In a break from running all over the city with the kids, Mrs Cricket reminded me that one of the primary schools I attended was having its centenary fair today, and that with no cricket on, I should put in an appearance. I had to deny the suggestion, made twice, from little miss that I was a foundation student in 1914.
I found the “historical display” in the library, a building that I’m sure has replaced what I remember as a decrepit and wholly inadequate structure that was referred to as the “weather shed”. There was the original student list from 1914, and some other antiquated documents , but I wanted to see if there was any evidence of my attendance. I found the 1970s display, but two very earnest older ladies had taken up residence, spanning the display with their substantial girths while peering intently at the photos with glasses perched on scrunched up noses. One of them kept touching the photos accompAnied by ” that’s not her class, ” and neither was that one”, “maybe she was sick that day.” It seems like the pressure she applied was inversely proportional to the actual relevance of ether photo to her kids. Eventually she moved on, the historic display (of e school originals ) now looking like it had been pecked by an ugly blunt beaked plover.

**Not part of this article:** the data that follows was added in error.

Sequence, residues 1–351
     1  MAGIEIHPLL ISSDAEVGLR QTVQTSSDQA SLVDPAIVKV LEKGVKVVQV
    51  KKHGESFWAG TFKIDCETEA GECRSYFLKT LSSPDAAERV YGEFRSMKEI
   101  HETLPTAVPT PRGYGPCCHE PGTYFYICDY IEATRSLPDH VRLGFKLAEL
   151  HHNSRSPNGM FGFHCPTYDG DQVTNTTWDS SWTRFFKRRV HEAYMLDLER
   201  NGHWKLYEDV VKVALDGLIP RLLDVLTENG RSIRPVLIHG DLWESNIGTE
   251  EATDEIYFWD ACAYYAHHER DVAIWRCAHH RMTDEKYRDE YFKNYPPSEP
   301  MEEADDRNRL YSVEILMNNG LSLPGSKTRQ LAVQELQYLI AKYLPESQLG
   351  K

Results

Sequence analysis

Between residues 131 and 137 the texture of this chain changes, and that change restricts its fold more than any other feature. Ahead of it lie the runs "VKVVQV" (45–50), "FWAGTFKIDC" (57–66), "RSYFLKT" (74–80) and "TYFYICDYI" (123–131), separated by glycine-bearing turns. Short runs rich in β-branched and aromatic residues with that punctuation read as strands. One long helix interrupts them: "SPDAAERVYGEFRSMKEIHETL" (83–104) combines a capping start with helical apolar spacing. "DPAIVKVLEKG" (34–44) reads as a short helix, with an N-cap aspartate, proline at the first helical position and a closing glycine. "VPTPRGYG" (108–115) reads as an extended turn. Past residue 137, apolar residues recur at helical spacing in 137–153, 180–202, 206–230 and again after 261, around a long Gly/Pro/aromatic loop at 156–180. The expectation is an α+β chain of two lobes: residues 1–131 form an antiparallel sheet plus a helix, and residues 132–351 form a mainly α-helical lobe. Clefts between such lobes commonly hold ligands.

Still, there I was. In the second class and third class photos looking just a little serious with a smattering of people whose names I could just recall, and a whole lot I couldn’t. Fourth class, my last at this school, was even more familiar as far as faces go but unfortunately I was absent that day and not in the photo. I can’t remember ever seeing that one, so mum obviously decided not to buy it as I wasn’t in it. That’s a shame. Because I remembered the class and the teacher very fondly, and unlike the solemnity of earlier years, the group looks happy. I guess these days I’d be photoshopped in, and even now I feel like cutting and pasting a third class image of me into the image I took on my phone over 40 years later.
I saw the plovers later, poking their way around a “home made” fudge stall. They’d put heavy finger prints into the vanilla, pecan and triple-choc stock before the stall owner intervened and forthrightly bundled up $15 worth of fudge for them each.
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This work of fiction © Dave Cornford